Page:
Apple's auto-industry hires suggest an interest in more than software
Power train engineers, former Tesla employees, and an expert on new battery technology are among the people now working at Apple, amid rumors that the company is building an electric car.
9to5Mac has come up with a list of auto experts--including new hires and existing employees--that are now working at Apple. Their resumes suggest that Apple is interested in more than just CarPlay, the software that connects iPhones to in-car dashboards.
For instance, new hire David Nelson came over from Tesla this month, bringing experience in “modeling, prediction, and verification of motor and gearbox performance and efficiency,” according to his LinkedIn profile. Hugh Jay, another new employee, designed transmissions and gearboxes at EMCO Gears, a parts supplier for various industries including motorsports.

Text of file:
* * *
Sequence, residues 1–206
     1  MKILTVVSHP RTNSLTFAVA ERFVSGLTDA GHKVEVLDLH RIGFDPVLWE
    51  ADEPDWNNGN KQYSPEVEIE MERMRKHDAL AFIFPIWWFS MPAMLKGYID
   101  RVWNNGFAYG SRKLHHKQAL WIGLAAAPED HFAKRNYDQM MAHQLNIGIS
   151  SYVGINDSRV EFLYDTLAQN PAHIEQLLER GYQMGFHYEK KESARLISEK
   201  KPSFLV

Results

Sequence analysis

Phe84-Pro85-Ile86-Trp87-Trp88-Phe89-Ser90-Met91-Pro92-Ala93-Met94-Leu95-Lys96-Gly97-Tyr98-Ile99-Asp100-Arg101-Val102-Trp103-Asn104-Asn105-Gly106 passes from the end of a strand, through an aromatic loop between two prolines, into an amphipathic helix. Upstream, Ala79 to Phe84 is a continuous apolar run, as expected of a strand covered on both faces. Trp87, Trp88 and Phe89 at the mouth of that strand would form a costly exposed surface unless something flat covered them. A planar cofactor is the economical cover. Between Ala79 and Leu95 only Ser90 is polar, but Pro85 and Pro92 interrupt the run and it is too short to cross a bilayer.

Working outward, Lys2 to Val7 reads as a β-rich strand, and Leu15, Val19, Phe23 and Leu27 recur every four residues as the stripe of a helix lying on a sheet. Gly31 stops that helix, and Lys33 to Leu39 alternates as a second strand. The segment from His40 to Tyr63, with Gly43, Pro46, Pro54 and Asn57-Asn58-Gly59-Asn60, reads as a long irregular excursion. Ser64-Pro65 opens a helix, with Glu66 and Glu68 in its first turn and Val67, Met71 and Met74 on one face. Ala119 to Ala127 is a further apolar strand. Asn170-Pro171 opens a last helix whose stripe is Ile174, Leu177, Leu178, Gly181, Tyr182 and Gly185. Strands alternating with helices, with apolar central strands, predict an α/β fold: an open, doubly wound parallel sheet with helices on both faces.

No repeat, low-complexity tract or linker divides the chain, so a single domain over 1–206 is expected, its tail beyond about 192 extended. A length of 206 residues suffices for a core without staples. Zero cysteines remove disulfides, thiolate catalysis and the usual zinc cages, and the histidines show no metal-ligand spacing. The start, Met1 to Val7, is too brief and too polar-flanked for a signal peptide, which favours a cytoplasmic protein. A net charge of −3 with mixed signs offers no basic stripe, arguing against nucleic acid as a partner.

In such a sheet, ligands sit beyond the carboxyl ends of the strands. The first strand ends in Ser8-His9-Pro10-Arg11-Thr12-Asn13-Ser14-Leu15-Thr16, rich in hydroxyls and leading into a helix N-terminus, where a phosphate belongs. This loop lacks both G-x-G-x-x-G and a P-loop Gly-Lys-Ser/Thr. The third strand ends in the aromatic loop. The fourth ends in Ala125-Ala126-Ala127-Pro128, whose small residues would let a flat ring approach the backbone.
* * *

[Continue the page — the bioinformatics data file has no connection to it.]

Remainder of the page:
Some of the hires also have expertise in large-scale battery technology. Mujeeb Ijaz, for instance, came over from A123 Systems, a company that's working on advanced new battery types for the transportation industry. (Incidentally, A123 is suing Apple for unfair competition, along with several former employees for allegedly breaching non-compete clauses in their contracts.)
Apple car rumors started gathering steam last Friday, when the Wall Street Journal reported that several hundred employees were working in secret on an electric car. Earlier that day, Financial Times reported Apple was recruiting experts from the automotive industry to work in a secret lab. A recent New Yorker profile of Apple design head Jonathan Ive, which mentions his disappointment with “most modern cars,” may have added some fuel to the fire.
Why this matters: Just because Apple is hiring automotive experts doesn't mean the company is building a car, and the list itself shows that some existing employees who came from the auto industry have spent time on unrelated products like the iMac. Still, it's hard to believe all these auto hires are a coincidence, and that in-car infotainment systems are the extent of Apple's automotive interests.